# Fourier transformation of a distribution

We have no idea how to tackle the following Fourier transformation of a distribution: $$\lim_{\epsilon\to0^+}\int_{-\infty}^{\infty}\mathrm{d} t\int_{\mathbb{R}^{d-1}} \mathrm{d}^{d-1}\vec{r} e^{-\mathrm{i}E t+\mathrm{i}\vec{p}\cdot\vec{r}}\left[-t^2+r^2-\mathrm{i}\,\epsilon t\right]^{-\alpha} \left[-t^2+r^2+\mathrm{i}\,\epsilon t\right]^{-\Delta}\ ,$$ where $$E\in\mathbb{R},\vec{p}\in\mathbb{R}^{d-1},r=\sqrt{\vec{r}\cdot\vec{r}}$$. We first tried to deform the $$t$$ integral on the complex $$t$$ plain where there are four branch cuts. Because the deformed integral is not simple, we failed to find a way to perform the remaining integrals and gain a closed-form expression.
We expect that the final form can be written as: $$|E^2-|\vec{p}||^{\Delta-d/2}[\#_1\Theta(E^2-|\vec{p}|)\Theta(E)+\#_2\Theta(E^2-|\vec{p}|)\Theta(-E)+\#_3\Theta(-E^2+|\vec{p}|)]\ ,$$ where $$\#_{1,2,3}$$ are some constants depending on $$d,\Delta,\alpha$$ and $$|\vec{p}|$$ is the magnitude of $$\vec{p}\in\mathbb{R}^{d-1}$$. We also expect that the final result is symmetric under the replacement $$(E,\alpha,\Delta)\leftrightarrow (-E,\Delta,\alpha)$$.
We would appreciate it if you show me how to perform this integral.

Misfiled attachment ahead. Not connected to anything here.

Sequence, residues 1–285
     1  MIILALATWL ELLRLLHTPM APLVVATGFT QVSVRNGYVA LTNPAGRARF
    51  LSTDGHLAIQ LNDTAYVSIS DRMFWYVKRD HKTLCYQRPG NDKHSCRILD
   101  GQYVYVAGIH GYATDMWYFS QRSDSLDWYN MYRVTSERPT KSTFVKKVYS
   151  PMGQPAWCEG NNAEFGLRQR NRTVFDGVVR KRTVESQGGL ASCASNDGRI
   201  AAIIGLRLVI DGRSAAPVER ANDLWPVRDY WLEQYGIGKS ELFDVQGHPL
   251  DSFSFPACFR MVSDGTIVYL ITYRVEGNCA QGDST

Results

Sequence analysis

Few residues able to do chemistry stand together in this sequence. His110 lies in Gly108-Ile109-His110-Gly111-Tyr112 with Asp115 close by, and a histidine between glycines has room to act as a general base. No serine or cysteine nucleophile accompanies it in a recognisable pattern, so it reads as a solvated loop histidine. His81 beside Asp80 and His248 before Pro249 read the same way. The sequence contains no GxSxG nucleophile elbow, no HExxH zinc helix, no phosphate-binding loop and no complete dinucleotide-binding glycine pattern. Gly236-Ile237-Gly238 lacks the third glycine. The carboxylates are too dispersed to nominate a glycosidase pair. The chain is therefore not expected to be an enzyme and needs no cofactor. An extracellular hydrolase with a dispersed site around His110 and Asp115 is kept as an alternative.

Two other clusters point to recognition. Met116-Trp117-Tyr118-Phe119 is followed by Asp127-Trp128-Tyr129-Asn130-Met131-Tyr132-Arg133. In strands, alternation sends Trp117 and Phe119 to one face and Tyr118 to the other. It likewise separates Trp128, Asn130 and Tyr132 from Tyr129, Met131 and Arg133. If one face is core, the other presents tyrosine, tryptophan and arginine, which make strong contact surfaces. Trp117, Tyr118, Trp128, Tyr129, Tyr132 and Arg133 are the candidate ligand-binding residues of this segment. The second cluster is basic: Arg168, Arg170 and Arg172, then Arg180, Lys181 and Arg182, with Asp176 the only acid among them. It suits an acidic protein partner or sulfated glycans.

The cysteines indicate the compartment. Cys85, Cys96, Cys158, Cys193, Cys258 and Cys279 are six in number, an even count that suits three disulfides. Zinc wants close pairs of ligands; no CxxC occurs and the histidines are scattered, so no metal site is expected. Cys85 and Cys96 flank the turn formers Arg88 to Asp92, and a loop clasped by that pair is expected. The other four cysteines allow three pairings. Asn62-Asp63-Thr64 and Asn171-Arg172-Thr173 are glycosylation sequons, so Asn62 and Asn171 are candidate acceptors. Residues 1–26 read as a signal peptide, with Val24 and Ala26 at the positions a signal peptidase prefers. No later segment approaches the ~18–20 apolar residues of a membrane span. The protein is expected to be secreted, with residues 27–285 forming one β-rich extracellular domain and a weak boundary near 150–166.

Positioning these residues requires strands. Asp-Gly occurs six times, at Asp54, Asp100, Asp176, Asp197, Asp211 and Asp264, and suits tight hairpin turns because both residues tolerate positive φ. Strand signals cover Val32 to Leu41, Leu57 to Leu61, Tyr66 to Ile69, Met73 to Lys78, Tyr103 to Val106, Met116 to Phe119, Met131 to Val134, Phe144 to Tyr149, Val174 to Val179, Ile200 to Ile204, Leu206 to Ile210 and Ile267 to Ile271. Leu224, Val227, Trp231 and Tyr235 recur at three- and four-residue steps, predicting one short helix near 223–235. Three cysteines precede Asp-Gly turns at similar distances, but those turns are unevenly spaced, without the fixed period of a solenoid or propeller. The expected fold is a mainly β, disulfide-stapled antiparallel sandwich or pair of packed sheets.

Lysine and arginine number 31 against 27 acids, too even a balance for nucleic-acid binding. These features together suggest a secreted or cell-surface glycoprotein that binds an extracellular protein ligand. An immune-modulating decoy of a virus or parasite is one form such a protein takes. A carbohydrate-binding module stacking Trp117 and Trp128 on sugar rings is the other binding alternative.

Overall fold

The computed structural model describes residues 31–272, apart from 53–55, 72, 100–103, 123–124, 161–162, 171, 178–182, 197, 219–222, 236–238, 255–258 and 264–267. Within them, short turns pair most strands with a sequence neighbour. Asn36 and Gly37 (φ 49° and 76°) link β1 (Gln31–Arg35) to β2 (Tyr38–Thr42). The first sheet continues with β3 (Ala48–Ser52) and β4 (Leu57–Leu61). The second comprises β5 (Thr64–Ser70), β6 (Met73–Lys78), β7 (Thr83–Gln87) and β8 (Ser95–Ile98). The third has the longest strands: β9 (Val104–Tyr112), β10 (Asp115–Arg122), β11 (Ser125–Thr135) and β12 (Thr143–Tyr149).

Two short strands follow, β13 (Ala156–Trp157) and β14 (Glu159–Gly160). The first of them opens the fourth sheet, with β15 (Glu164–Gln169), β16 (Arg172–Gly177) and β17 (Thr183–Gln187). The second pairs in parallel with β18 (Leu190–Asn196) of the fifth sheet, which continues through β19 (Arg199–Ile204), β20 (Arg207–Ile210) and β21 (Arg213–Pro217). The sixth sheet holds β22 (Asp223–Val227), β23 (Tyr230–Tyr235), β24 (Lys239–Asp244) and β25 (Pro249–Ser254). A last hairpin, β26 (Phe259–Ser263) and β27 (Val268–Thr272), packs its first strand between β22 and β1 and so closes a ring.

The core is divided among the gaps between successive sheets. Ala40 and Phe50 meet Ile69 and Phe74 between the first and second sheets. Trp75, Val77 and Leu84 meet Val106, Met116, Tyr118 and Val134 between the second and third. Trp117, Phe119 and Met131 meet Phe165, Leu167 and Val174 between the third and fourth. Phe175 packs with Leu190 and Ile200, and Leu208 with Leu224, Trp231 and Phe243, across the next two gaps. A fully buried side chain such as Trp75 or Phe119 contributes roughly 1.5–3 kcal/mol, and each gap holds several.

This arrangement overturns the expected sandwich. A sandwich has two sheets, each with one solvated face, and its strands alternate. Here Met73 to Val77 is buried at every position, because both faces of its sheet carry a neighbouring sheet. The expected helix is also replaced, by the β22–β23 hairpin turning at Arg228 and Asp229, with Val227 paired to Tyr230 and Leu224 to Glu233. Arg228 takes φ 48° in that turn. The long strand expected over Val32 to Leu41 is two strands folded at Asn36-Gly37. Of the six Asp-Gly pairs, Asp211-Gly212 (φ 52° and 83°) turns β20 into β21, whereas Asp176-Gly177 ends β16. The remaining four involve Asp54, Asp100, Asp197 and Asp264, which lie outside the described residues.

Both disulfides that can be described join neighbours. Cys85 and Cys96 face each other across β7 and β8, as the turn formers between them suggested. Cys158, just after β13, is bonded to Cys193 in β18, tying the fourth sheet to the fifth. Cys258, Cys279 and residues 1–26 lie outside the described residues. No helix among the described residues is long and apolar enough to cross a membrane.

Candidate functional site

When $$\alpha=0$$, this integral reduces to $$\lim_{\epsilon\to0^+}\int_{-\infty}^{\infty}\mathrm{d} t\int_{\mathbb{R}^{d-1}} \mathrm{d}^{d-1}\vec{r} e^{-\mathrm{i}E t+\mathrm{i}\vec{p}\cdot\vec{r}} \left[-t^2+r^2+\mathrm{i}\,\epsilon t\right]^{-\Delta}\ ,$$ and can be performed throught the following steps. We start with the Formula: $$\frac{1}{(\tau^2+r^2)^{\Delta}}=\frac{\pi^{d/2}2^{d-2\Delta}\Gamma\left(d/2-\Delta\right)}{\Gamma(\Delta)}\int_{-\infty}^{\infty}\frac{\mathrm{d}p^d}{2\pi}\int_{\mathbb{R}^{d-1}}\frac{\mathrm{d}^{d-1}\vec{p}}{(2\pi)^{d-1}} e^{-\mathrm{i}p^d\tau-\mathrm{i}\vec{p}\cdot\vec{r}} [(p^d)^2+|\vec{p}|^2]^{\Delta-d/2}\ .$$ Putting $$\tau=\epsilon+\mathrm{i}\,t$$ and taking the limit $$\epsilon\to 0^+$$, this equation becomes: $$\lim_{\epsilon\to 0^+}\frac{1}{(-t^2+r^2+\mathrm{i}\,\epsilon t)^{\Delta}}=\lim_{\epsilon\to 0^+}\frac{\pi^{d/2}2^{d-2\Delta}\Gamma\left(d/2-\Delta\right)}{\Gamma(\Delta)}\int_{\mathbb{R}^{d-1}}\frac{\mathrm{d}^{d-1}\vec{p}}{(2\pi)^{d-1}}\int_{-\infty}^{\infty}\frac{\mathrm{d}p^d}{2\pi} e^{+tp^d-\mathrm{i}p^d\epsilon-\mathrm{i}\vec{p}\cdot\vec{r}} [(p^d)^2+|\vec{p}|^2]^{\Delta-d/2}\ .$$ Let us assume $$0<2\Delta. (We will extend the final form to any $$\Delta$$ by analytic continuation) Then the integrand goes to zero in the limit $$|p^d|\to \infty$$. Therefore from Jordan's lemma, we can deform $$p^d$$ integral so that the deformed contour picks up the discontinuity along the negative imaginary axis on the complex $$p^d$$ plain: $$\lim_{\epsilon\to 0^+} \int_{-\infty}^{\infty}\frac{\mathrm{d}p^d}{2\pi} e^{+tp^d-\mathrm{i}p^d\epsilon} [(p^d)^2+|\vec{p}|^2]^{\Delta-d/2} \\ =\lim_{\epsilon,o\to 0^+}(-\mathrm{i})\int_{0}^{\infty}\frac{\mathrm{d}p^0}{2\pi} e^{+\mathrm{i}t p^0 -p^0\epsilon} \left\{[(-\mathrm{i}p^0+o)^2+|\vec{p}|^2]^{\Delta-d/2}-[(-\mathrm{i}p^0-o)^2+|\vec{p}|^2]^{\Delta-d/2}\right\}\\ =\lim_{\epsilon,o\to 0^+}(-\mathrm{i})\int_{0}^{\infty}\frac{\mathrm{d}p^0}{2\pi} e^{+\mathrm{i}t p^0 -p^0\epsilon} \left\{[-(p^0)^2+|\vec{p}|^2-\mathrm{i}\,o]^{\Delta-d/2}-[-(p^0)^2+|\vec{p}|^2+\mathrm{i}\,o]^{\Delta-d/2}\right\}\\$$ We introduced infinitesimal real positive number $$o$$ to detour the branch cut. By using the identity $$\lim_{o\to 0^+}\left[(x+\mathrm{i}\,o)^\lambda-(x-\mathrm{i}\,o)^\lambda\right]=2\mathrm{i}(-x)^\lambda \Theta(-x)\sin\pi\lambda$$, the $$p^d$$ integral results in: $$\lim_{\epsilon\to 0^+} \int_{-\infty}^{\infty}\frac{\mathrm{d}p^d}{2\pi} e^{+tp^d-\mathrm{i}p^d\epsilon} [(p^d)^2+|\vec{p}|^2]^{\Delta-d/2} \\ = \int_{0}^{\infty}\frac{\mathrm{d}p^0}{2\pi} e^{+\mathrm{i}t p^0 }[(p^0)^2-|\vec{p}|^2]^{\Delta-d/2} \Theta[(p^0)^2-|\vec{p}|^2]2\sin\pi\left(d/2-\Delta\right)\\ =\int_{-\infty}^{\infty}\frac{\mathrm{d}p^0}{2\pi} e^{+\mathrm{i}t p^0 }[(p^0)^2-|\vec{p}|^2]^{\Delta-d/2} \Theta(p^0)\Theta[(p^0)^2-|\vec{p}|^2]2\sin\pi\left(d/2-\Delta\right)$$ Putting altogether and use the Euler's reflection formula $$\Gamma(z)\Gamma(1-z)=\frac{\pi}{\sin\pi z}$$ we obtain: $$\lim_{\epsilon\to 0^+}\frac{1}{(-t^2+r^2+\mathrm{i}\,\epsilon t)^{\Delta}}\\ =\frac{\pi^{d/2+1}2^{d-2\Delta+1}}{\Gamma(\Delta)\Gamma\left(\Delta-\frac{d-2}{2}\right)}\int_{-\infty}^{\infty}\frac{\mathrm{d}p^0}{2\pi} \int_{\mathbb{R}^{d-1}}\frac{\mathrm{d}^{d-1}\vec{p}}{(2\pi)^{d-1}}e^{+\mathrm{i}p^0 t-\mathrm{i}\vec{p}\cdot\vec{r}} \\ \quad \times [(p^0)^2-|\vec{p}|^2]^{\Delta-d/2} \Theta(p^0)\Theta[(p^0)^2-|\vec{p}|^2]\ .$$ Inverting this Fourier integral, we end up with: $$\lim_{\epsilon\to0^+}\int_{-\infty}^{\infty}\mathrm{d} t\int_{\mathbb{R}^{d-1}} \mathrm{d}^{d-1}\vec{r} e^{-\mathrm{i}E t+\mathrm{i}\vec{p}\cdot\vec{r}} \left[-t^2+r^2+\mathrm{i}\,\epsilon t\right]^{-\Delta}\\ =\frac{\pi^{d/2+1}2^{d-2\Delta+1}}{\Gamma(\Delta)\Gamma\left(\Delta-\frac{d-2}{2}\right)}[E^2-|\vec{p}|^2]^{\Delta-d/2} \Theta(E)\Theta[E^2-|\vec{p}|^2]\ .$$